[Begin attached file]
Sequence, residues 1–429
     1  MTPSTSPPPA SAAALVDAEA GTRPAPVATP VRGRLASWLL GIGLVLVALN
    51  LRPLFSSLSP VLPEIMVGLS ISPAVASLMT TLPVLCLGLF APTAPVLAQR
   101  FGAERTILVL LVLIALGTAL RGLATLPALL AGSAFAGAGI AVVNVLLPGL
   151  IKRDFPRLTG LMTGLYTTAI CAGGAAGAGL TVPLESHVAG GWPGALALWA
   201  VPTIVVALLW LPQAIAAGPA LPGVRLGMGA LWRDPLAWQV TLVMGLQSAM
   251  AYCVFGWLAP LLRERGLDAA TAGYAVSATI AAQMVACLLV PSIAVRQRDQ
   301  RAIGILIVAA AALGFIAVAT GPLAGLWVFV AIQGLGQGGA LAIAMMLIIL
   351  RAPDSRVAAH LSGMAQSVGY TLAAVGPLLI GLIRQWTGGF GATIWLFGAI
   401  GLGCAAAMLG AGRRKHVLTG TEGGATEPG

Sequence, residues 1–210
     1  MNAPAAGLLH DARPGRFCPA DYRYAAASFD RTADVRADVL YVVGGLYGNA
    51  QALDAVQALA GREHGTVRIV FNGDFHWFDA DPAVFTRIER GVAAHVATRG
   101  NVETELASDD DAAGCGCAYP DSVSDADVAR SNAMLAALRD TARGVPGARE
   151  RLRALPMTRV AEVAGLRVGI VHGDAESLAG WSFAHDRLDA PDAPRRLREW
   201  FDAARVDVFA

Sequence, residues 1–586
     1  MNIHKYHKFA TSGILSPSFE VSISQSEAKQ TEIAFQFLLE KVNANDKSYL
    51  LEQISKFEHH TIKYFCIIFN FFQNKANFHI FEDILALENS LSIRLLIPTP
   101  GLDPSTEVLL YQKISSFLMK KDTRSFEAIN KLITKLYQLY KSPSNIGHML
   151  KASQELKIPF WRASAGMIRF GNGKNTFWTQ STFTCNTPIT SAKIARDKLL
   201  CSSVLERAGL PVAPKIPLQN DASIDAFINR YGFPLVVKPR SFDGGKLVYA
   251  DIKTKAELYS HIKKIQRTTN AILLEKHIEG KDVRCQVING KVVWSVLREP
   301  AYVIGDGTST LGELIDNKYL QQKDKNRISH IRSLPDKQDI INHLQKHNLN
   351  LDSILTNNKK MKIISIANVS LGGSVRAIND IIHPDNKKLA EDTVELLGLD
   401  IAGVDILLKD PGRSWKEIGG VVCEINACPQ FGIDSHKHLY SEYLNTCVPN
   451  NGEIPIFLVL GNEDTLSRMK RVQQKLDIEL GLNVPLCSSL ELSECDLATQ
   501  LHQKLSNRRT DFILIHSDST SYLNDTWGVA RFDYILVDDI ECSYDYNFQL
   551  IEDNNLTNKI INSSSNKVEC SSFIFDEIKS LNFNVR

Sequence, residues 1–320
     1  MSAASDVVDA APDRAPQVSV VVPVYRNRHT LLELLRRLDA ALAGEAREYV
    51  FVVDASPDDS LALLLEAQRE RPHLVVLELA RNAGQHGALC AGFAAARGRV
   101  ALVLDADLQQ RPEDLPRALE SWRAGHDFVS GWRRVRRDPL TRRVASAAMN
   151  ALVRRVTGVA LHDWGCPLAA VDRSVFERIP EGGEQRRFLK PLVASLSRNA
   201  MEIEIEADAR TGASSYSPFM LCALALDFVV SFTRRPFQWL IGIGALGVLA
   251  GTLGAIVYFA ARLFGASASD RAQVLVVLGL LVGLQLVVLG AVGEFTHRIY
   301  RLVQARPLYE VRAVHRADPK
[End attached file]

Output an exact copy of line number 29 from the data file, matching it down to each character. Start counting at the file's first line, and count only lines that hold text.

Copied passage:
   551  IEDNNLTNKI INSSSNKVEC SSFIFDEIKS LNFNVR